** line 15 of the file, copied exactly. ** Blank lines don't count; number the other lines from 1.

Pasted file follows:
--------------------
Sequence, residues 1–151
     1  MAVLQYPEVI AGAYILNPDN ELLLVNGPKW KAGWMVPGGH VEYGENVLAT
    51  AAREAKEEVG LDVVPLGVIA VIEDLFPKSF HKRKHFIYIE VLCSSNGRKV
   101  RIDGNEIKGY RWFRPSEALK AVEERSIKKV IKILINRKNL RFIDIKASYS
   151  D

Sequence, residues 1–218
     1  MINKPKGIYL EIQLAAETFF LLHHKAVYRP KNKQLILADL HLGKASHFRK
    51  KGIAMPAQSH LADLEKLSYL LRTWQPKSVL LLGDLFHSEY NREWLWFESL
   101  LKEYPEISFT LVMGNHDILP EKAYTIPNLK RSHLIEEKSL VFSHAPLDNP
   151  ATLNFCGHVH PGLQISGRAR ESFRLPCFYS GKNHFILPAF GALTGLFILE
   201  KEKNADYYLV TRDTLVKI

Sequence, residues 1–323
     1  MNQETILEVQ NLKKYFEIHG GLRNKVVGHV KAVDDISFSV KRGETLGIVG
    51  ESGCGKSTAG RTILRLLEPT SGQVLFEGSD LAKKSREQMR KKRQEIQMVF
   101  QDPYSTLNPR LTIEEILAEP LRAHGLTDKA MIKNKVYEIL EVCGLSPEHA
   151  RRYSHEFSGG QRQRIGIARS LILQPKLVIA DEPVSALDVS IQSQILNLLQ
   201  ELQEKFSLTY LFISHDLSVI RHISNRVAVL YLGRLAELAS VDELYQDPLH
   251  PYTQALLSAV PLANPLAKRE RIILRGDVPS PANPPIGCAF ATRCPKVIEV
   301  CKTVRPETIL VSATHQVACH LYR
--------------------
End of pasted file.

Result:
   101  QDPYSTLNPR LTIEEILAEP LRAHGLTDKA MIKNKVYEIL EVCGLSPEHA